Author's School

Graduate School of Arts & Sciences

Author's Department/Program

Biology and Biomedical Sciences: Molecular Cell Biology


English (en)

Date of Award

January 2010

Degree Type


Degree Name

Doctor of Philosophy (PhD)

Chair and Committee

Jonathan Gitlin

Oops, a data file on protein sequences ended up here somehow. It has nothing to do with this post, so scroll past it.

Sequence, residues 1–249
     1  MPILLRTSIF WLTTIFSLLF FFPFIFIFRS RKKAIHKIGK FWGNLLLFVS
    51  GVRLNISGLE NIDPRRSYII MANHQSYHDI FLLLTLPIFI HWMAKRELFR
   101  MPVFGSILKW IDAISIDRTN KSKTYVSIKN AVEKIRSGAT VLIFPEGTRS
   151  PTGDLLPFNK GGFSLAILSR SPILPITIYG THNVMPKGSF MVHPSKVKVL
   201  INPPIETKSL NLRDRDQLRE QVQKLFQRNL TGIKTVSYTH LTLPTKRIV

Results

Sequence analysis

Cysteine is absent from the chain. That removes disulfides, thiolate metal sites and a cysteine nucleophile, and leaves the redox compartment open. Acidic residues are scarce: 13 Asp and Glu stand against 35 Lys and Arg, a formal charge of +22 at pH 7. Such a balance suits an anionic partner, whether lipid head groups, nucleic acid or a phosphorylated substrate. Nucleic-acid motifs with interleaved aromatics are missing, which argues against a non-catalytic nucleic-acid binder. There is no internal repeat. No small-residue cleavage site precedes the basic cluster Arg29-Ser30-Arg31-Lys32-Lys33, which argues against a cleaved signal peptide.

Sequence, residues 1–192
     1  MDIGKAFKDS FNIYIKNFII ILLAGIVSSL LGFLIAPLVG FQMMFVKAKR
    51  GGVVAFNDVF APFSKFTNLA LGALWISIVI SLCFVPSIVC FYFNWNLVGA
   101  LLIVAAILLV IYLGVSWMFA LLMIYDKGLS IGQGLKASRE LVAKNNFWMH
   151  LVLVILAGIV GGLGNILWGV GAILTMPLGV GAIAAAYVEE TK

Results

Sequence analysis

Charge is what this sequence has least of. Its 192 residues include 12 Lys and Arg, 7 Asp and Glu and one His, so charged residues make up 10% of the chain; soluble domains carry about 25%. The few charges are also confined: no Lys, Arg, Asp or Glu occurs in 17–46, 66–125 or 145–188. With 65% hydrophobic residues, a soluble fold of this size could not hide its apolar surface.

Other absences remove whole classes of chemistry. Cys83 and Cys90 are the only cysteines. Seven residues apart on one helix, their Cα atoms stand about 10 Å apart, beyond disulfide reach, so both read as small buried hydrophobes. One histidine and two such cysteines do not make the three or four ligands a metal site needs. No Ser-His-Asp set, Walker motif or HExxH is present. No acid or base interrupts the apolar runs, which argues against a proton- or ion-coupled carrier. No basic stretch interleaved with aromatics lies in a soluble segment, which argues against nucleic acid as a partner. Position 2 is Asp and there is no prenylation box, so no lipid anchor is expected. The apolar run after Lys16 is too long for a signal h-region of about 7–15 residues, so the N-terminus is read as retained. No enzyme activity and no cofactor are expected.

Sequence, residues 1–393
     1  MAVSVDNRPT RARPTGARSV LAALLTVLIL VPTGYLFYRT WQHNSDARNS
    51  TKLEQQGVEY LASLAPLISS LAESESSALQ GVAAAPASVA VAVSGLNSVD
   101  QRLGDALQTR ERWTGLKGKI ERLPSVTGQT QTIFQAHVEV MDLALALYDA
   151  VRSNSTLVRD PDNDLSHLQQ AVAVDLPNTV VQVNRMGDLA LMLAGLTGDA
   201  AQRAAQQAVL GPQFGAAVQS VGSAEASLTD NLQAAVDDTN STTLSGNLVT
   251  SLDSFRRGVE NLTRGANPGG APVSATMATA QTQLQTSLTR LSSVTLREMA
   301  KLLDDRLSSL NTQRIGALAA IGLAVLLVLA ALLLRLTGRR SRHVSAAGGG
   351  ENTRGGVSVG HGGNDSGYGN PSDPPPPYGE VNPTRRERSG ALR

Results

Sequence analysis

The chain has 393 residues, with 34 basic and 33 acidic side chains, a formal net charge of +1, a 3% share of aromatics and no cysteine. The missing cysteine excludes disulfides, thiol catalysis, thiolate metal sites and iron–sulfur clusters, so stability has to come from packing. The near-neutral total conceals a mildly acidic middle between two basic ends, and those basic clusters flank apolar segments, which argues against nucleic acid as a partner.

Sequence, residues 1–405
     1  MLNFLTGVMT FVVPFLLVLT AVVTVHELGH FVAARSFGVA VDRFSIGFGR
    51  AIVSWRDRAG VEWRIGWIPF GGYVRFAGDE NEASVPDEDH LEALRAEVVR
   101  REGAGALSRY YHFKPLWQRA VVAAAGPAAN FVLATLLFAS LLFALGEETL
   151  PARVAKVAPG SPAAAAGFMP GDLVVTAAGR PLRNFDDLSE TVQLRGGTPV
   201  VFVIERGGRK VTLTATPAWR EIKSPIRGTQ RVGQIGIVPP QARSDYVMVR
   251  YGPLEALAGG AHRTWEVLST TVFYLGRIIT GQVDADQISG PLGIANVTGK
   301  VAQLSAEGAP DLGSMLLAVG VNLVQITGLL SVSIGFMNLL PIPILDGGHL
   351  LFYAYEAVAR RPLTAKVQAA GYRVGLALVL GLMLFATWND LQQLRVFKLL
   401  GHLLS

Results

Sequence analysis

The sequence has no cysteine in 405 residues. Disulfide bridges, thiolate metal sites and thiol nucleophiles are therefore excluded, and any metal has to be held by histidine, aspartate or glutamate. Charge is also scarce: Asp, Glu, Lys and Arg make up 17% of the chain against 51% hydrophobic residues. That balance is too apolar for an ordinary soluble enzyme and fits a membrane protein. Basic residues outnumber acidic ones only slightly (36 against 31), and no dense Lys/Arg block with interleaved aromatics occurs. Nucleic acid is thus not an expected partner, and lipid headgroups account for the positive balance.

Proper maternal nutrition is critical for early embryonic development. Despite overwhelming epidemiologic data indicating the benefits nutrient supplementation for the developing organism we do not fully understand the genetics of predisposition to abnormal developmental phenotypes when faced with suboptimal nutrient levels. Copper is an essential nutrient required for critical biochemical processes. Severe defects in copper homeostasis lead to significant disease typified by the X-linked recessive disorder Menkes disease. Patients with Menkes disease have cutis laxa, bone deformities, hypopigmentation, arterial malformation, and neurodegeneration due to copper deficiency caused by loss-of-function mutations in ATP7A, a copper transport protein. Despite the critical requirement for adequate copper nutrition and the characterization of key copper transport proteins there remain significant gaps in our understanding of copper metabolism. In order to better understand both the cell metabolic and developmental requirements for copper our laboratory has defined a zebrafish model of severe copper deficiency. The copper chelator neocuproine causes a Menkes-like phenotype in wild-type zebrafish embryos and the mutant calamity which phenocopies neocuproine treated embryos contains a null allele of atp7a. In this thesis we build upon this previous model in two ways in order to address the problem of treatment of Menkes disease and to define novel pathways important for copper metabolism. The first body of work uses small-molecule modifiers of mRNA processing: morpholinos) to correct splicing defects which cause Menkes disease phenotypes in zebrafish embryos. Since about 20% of human disease causing mutations are due to splicing defects this approach may be directly applicable to a wide array of human diseases. The second body of work uses a forward chemical-genetic screen for zebrafish mutants sensitive to mild copper deficiency. Screening mutagenized embryos exposed to subthreshold doses of the chelator neocuproine for copper deficiency phenotypes resulted in two mutants. The first, containing a hypomorphic allele of atp7a demonstrates the effect of maternal nutrition and genetics on embryonic development. The second contains a loss-of-function mutation in the vacuolar proton pump leading to a severe embyronic lethal phenotype which is sensitive to copper chelation. This implicates pH gradients in the metabolism of copper in zebrafish.


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